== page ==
Via Monti, 5 & 8, Torino (1914)
Corso Stupinigi, 14, Torino (1915)
Founded in Turin by the brothers Eugenio and Fontana*, the firm used their own horizontally opposed twins of 500 and 575cc with three-speed gearbox and chain drive, with the engine mounted longitudinally. It bears a distinct similarity to the Bradshaw twin which first appeared in 1912.
An early Fongri-built tricycle powered by a V-twin NSU engine was produced, and in the 1920s they built a twin-cylinder 500cc water-cooled model along with a 125cc model.
In general the motorcycles were very stylish and quite advanced, but apparently not commercially successful in part no doubt as they built many components in-house including carburettors, gearboxes and engines.
Motorcycle production ceased around 1930.
The firm was also involved in aviation, producing a variety of aircraft.
Interpreting Luraschi (Vol 1, pp 141-143):
Shortly after the end of the Great War, in 1919 they released a model with a twin-cylinder horizontally-opposed engine of 578 cubic centimeters. The connecting rods are of nickel steel on roller bearings, the crankshaft and cam shaft are on ball bearings, the flywheel - of large diameter - is external. Another detail not common at the time is the complex closure of the valves which are in an aluminum cover. The carburettor is of a special type, the lubrication is by hand with semiautomatic pump, and ignition is by means of high-voltage magneto driven by gears and mounted on the engine between the two cylinders. Transmission all via chain, with both primary and final chains enclosed in an oil bath.
The chassis is made of steel tubes with patented Fongri front fork. Controls are all on the handlebars, the wheels of 26 x 2 3/8" are quick disassembly and it has independent controls for front and rear brakes.
In 1920 they produced the same machine little variation worthy of note: we will only say that some sources give a cylinder capacity of 575cc instead of the cylinder capacity of 578cc in 1919.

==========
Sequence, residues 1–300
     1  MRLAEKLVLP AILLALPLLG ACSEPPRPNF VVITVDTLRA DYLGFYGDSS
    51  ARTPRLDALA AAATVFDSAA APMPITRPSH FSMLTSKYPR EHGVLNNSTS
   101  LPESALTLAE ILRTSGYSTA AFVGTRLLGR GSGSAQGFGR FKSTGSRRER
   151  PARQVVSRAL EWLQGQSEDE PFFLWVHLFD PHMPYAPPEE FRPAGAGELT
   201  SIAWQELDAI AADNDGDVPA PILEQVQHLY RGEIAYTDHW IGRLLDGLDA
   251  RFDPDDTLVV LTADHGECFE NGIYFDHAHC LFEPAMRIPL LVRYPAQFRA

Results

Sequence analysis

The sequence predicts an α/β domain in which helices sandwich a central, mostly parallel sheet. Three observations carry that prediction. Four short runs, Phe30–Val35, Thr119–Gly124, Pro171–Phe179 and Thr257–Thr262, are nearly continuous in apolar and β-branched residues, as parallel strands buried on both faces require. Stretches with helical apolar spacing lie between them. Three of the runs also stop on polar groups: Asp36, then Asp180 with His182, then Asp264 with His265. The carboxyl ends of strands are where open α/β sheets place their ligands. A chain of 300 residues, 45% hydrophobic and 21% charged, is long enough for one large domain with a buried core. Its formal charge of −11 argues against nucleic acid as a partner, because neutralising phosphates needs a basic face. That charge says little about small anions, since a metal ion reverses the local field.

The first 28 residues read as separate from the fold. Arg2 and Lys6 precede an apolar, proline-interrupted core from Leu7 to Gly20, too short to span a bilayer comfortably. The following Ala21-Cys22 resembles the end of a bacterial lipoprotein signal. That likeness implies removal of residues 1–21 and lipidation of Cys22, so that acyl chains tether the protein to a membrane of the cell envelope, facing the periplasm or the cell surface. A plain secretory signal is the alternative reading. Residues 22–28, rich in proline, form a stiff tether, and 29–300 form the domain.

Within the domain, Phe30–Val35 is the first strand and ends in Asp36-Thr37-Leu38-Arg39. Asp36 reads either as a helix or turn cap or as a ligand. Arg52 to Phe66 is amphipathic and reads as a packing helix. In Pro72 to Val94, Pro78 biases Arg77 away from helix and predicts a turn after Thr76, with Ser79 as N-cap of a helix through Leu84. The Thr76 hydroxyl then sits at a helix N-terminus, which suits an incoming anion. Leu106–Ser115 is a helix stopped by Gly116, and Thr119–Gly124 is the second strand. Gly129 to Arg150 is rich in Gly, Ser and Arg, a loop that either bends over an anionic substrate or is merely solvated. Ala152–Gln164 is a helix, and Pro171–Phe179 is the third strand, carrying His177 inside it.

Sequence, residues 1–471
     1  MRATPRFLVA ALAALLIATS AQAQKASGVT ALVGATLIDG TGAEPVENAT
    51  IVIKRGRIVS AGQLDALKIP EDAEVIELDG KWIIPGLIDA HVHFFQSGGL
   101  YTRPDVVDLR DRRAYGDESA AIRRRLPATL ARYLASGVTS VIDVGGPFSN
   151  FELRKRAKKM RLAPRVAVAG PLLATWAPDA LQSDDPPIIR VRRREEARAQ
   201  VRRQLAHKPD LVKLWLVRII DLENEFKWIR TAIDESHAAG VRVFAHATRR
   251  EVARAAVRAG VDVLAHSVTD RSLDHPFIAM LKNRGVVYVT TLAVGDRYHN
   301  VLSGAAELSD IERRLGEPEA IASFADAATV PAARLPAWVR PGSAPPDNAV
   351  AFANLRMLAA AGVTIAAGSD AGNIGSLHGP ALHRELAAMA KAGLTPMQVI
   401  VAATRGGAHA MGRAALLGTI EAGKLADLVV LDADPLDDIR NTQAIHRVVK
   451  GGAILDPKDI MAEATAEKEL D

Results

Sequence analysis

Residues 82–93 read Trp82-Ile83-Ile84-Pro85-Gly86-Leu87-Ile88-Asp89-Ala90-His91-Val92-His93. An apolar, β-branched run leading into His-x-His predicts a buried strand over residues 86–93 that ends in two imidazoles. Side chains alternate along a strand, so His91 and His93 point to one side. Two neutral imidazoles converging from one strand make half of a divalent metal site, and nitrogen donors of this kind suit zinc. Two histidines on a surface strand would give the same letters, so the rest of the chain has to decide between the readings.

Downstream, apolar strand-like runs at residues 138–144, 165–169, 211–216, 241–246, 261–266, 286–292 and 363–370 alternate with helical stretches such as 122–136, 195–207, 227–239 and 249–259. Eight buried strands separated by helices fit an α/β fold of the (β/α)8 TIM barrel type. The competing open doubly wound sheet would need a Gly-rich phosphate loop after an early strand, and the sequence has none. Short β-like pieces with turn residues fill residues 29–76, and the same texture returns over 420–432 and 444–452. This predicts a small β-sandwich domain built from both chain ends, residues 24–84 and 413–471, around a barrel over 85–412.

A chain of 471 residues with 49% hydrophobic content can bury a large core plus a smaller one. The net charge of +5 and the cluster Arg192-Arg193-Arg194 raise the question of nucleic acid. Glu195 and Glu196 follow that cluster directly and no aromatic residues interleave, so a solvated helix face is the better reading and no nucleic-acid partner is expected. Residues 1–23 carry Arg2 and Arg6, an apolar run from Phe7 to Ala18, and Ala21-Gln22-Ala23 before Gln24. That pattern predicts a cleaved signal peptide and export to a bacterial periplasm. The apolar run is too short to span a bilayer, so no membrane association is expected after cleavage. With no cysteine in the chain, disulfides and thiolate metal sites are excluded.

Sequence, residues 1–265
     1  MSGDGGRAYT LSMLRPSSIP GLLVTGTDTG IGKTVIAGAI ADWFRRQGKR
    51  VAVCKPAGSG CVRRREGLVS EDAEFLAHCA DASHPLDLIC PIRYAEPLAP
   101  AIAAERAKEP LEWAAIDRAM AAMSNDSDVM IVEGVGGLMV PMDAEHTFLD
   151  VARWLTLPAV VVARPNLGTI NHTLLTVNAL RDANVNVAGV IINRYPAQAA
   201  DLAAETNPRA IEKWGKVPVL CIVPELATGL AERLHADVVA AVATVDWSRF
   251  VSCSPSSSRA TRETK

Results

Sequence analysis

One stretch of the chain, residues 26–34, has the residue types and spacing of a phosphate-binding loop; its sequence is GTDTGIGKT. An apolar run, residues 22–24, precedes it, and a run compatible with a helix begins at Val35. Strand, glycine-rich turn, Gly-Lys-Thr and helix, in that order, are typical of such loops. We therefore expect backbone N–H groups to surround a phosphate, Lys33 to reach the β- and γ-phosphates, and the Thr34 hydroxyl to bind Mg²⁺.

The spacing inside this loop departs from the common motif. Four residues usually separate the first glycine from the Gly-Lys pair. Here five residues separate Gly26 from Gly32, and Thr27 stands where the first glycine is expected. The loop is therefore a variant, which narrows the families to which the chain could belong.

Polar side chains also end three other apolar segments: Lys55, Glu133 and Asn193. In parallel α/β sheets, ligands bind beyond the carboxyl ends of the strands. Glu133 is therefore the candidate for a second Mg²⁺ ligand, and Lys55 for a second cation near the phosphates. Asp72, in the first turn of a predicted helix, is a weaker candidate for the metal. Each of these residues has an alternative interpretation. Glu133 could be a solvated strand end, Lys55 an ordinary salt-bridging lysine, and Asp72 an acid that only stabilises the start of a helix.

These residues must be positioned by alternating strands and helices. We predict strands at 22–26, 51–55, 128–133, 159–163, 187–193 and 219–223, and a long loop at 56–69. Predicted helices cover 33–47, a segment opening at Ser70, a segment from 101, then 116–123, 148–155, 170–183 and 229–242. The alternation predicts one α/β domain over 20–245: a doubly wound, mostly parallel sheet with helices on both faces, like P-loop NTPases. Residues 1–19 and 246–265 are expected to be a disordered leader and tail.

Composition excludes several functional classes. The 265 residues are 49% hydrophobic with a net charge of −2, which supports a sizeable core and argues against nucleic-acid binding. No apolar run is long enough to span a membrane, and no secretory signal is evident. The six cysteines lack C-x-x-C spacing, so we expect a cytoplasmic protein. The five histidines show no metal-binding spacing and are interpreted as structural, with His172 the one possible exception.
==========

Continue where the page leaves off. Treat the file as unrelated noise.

At the end of 1921 it was announced that Fongri will be built at the Société Anonima Officine Meccaniche di Ceriano Laghetto, of which the main (member?) is Mr. Gianetti; we have no precise data on Grignani's participation in this enterprise: whether he became a member of the new company or if he granted a license for construction.
The new company ... seems to have not succeeded since in 1922 the production of Fongri slows down considerably.
At the end of 1922 production of Fongri was completely suspended and shortly afterwards the company announced that the brand would no longer be produced at Ceriano Laghetto, but in Turin.
In November 1923 at the Milan Motor Show the the resumption production was announced and the new 575 appeared the following year with a 3-speed Fongri gearbox.
1925. The 575 Sport Luso appeared with more elegant styling, light alloy pistons, new crankcase design, and handlebar-controlled clutch.
Fongri also built a racing OHV 500cc HO model with very light pistons.
Eugenio Grignani won races in 1913 and also competed on the 1925 500cc Speciale, as did Tazio Nuvolari, winner of the 1925 350cc European Motorcycle Championship.
Sources vary, with Henshaw and others giving widely varying dates. Fongri.com, built by someone of the same surname as one of the principals (Gianmario Grignani) gives dates of 1910-1930. Moto-collection.org says that the company ceased manufacture during the first war, restarted around 1921 in Milan and stopped in 1922, then in 1924 resumed in Turin with Grignani and ceased in 1926.
1915 sales brochures state company name as Grignani & Fontana.
A number of images in the gallery are collations from original catalogues available at fongri.com in PDF format. M. Dumas hints that the company was somewhat creative with the facts which leads one to wonder at the accuracy of those catalogues.
A 1928 Sport Lusso 575cc appeared at the 2013 Villa d'Este Concours, and a 1921 5 1/2hp model has been displayed at Museo Nicolis.
A 1925 Speciale sold at auction in 2007 for almost 50,000 euros.
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